15. 15. 5 Charge Transport in Reactive Mesogens and Liquid Crystal Polymer Networks 159 show that the transport properties of the crosslinked film are very sensitive to the crosslinking conditions, e.g., nitrogen purge or vacuum, as the presence of oxygen inhibits polymerisation of the acrylate end group. 5.4.2 Calamitic RMs Nematic Systems Researchers at the University of Hull undertook comparisons between model liquid crystalline compounds and related reactive mesogens, which form nematic mesophases using two different conjugated cores containing the fluorene moiety, see Chaps. 7 and 8. In one study, based on a biphenyl-bithiophene–fluorene (compound H1), core time of flight measurements were carried out in the nematic phase of the model compound, the nematic phase of the diene substituted RM and on the crosslinked compound at room temperature [34]. They found a large drop in hole mobility between the model compound and the nematic phase of the RM from 8 10 4 to 1.5 10 5 cm2 V 1 s 1 . There was a small recovery in hole mobility upon crosslinking, rising to 3 10 5 cm2 V 1 s 1 , which was attributed to physical shrinkage as a result of crosslinking. The RM mesophase hole mobility and the crosslinked film hole mobility were field independent over the range of fields studied. The mobility in the crosslinked film was less temperature dependent than the nematic RM liquid crystalline phase. The field and temperature dependence of the hole mobility was analysed using the correlated disorder model CDM yielding an energetic order parameter D 89 meV and a positional disorder of € D 5.7 in the cross-linked film. One can compare the drop in mobility from model compound to RM found in compound H1 to that measured in systems containing a larger conjugated core (compound H2). Hole transport was measured in the latter by time of flight both in the nematic phase of the model liquid crystal and the nematic phase of the diene substituted RM [60]. As expected there was a drop in hole mobility from the model compound to the RM system (from 7 10 4 to 3 10 4 cm2 V 1 s 1 as measured at 120 ı C where both materials are in the nematic phase) but this drop was proportionately smaller (a 50 % decrease rather than a drop of a factor of 50 as seen in H1). Unfortunately, no transport data is presented for the cross-linked diene RM of H2. The results for compounds H1 and H2 are summarized in Table 5.2. Smectic Systems Comprehensive studies were carried out at QMUL and Merck Chemicals UK using a variety of conjugated cores and end-groups using both time of flight and FET measurements to quantify the charge transport. The approach taken in these studies followed the pattern of measuring the charge transport in a model liquid crystal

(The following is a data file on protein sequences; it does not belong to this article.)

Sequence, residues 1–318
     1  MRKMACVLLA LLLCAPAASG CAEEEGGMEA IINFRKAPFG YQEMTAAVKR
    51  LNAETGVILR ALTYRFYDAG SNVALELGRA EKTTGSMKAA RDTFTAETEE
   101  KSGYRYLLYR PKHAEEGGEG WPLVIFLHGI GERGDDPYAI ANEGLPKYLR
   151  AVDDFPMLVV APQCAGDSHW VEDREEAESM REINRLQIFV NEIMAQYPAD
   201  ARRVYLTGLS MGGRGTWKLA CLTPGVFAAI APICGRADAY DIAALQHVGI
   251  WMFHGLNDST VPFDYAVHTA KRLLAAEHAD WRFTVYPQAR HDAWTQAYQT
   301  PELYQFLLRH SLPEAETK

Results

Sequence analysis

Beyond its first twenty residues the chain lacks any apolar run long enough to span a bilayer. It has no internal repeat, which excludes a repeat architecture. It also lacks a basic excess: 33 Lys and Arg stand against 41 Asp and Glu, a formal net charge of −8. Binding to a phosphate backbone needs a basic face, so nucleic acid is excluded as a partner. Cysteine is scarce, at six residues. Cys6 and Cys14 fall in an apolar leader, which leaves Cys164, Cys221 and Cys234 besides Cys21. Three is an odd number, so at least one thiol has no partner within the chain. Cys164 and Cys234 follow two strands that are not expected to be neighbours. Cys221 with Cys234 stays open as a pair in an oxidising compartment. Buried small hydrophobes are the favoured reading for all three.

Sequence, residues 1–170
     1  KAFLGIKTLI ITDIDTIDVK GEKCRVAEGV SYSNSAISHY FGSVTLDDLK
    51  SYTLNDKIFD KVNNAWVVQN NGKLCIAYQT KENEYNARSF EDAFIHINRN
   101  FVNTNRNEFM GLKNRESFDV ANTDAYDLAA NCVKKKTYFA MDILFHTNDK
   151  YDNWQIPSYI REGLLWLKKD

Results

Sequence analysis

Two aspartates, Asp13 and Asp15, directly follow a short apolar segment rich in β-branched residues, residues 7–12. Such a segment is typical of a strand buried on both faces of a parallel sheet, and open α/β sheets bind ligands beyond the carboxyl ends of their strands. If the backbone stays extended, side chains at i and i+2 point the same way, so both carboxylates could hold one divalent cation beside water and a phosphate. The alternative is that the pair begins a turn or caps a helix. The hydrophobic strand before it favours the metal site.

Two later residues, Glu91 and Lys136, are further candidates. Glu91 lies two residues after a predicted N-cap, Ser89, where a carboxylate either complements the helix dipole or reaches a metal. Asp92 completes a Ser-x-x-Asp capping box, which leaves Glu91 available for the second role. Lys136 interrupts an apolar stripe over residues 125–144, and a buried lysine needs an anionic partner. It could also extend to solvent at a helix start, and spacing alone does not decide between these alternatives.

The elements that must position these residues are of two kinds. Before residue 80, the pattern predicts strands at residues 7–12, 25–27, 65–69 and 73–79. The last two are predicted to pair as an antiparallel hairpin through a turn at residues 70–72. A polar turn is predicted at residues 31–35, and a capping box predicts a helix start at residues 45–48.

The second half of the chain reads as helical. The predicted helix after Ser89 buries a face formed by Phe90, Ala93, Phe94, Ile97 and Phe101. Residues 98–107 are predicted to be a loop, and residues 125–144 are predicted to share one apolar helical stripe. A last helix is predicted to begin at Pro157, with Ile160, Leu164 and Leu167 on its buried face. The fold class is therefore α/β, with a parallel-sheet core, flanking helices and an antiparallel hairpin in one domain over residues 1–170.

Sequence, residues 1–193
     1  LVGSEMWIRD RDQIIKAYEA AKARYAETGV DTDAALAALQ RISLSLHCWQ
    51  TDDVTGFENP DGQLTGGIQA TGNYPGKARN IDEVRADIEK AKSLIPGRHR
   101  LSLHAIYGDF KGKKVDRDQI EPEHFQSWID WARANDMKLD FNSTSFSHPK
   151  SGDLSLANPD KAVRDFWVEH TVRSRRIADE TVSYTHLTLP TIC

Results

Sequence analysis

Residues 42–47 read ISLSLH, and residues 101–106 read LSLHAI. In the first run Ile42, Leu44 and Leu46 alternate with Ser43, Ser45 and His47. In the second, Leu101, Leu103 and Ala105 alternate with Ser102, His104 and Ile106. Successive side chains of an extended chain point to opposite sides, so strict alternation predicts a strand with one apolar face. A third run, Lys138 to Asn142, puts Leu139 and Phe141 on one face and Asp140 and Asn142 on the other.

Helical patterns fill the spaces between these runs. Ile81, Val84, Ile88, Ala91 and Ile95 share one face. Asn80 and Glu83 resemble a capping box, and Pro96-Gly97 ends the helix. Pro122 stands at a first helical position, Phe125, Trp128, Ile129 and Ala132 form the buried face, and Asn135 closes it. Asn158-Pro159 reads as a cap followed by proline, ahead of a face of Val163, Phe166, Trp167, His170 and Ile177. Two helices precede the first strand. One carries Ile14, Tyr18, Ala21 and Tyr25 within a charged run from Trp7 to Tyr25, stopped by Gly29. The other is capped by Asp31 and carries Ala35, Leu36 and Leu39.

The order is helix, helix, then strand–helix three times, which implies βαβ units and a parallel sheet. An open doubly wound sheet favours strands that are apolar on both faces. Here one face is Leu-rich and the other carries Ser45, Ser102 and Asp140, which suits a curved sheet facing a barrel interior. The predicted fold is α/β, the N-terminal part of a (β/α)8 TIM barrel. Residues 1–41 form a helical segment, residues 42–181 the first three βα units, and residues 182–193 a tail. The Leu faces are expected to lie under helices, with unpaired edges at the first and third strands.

16. 16. 160 T. Kreouzis and K.S. Whitehead Table5.2SummaryofholetransportparametersobtainedforNematicphaseformingcompounds CompoundMobility(cm2 V1 s1 )Cross-linkedmobility(cm2 V1 s1 ) ModelliquidcrystallineforH1hD1104 byToFatRTN/A Fieldindependent H1(diene)hD1.5105 byToFatRThD3105 byToF FieldindependentFieldindependent Weaktemperaturedependence D89meVD5.7usingCDM ModelliquidcrystallineforH2hD7104 byToFat120ı CN/A H2(diene)hD3104 byToFat120ı CN/A Fieldindependent Temperaturedependent hD3105 byToFatRT
  17. 17. 5 Charge Transport in Reactive Mesogens and Liquid Crystal Polymer Networks 161 Table 5.3 Summary of hole transport parameters obtained for phenyl-naphthalene based compounds Compound Mesophase mobility (cm2 V 1 s 1 ) Cross-linked mobility (cm2 V 1 s 1 ) PNP h D 2.7 10 4 by ToF in SmA N/A O D 60 meV using 2D-GDM PNP-A h D 4.9 10 5 by ToF in SmA N/A O O O O O O Field independent PNP-D h D 7.6 10 5 by ToF in SmC N/A O O O O O O Field independent and reactive end group substituted RMs in the smectic phase as well as in cross linked films where possible. One family of compounds was based on the well known phenylnaphthalene (PNP) liquid crystalline core. Time of flight measurements showed a decrease in hole mobility in both acrylate and diene substituted mesogens compared to the model compound in the smectic phase [39]. Hole mobility dropped from 2.7 10 4 cm2 V 1 s 1 in the smectic A phase of the model compound to 7.6 10 5 cm2 V 1 s 1 in the smectic C phase of the diene substituted RM and to 4.9 10 5 cm2 V 1 s 1 in smectic A acrylate substituted case. All three compounds displayed field-independent hole mobilities in the mesophase. No electron mobility or crosslinked data was presented. Mobility results for PNP based compounds are summarized in Table 5.3. The second family of compounds based on biphenyl-bithiophene (PTTP) liquid crystalline core was studied in more detail, both by ToF and FET, see Table 5.4 [17, 39, 61, 62]. The model liquid crystals exhibit fast ambipolar transport in the smectic G phase, namely h D 4.4 10 2 cm2 V 1 s 1 and e D 7.1 10 2 cm2 V 1 s 1 . In the case of the smectic G phase diene substituted RM, the hole mobility suffers a modest reduction compared the model liquid crystalline dropping to h D 6.6 10 3 cm2 V 1 s 1 whereas the electron mobility is reduced by more than two orders of magnitude to e D 1.7 10 4 cm2 V 1 s 1 . Upon crosslinking the hole mobility suffers a further reduction to h D 7.1 10 4 cm2 V 1 s 1 in contrast to the electron mobility, which increases compared to the mesophase value to 7.5 10 4 cm2 V 1 s 1 . We note that the crosslinking process made long range transport measurements possible at room temperature, outside the mesophase range of the mesogens, validating the RM approach. Hole and electron mobilities in the liquid crystal and RM compounds are field independent and the crosslinked ma- terial exhibits weakly temperature-dependent transport characteristics. The charge transport for holes in the crosslinked material was analysed using the GDM and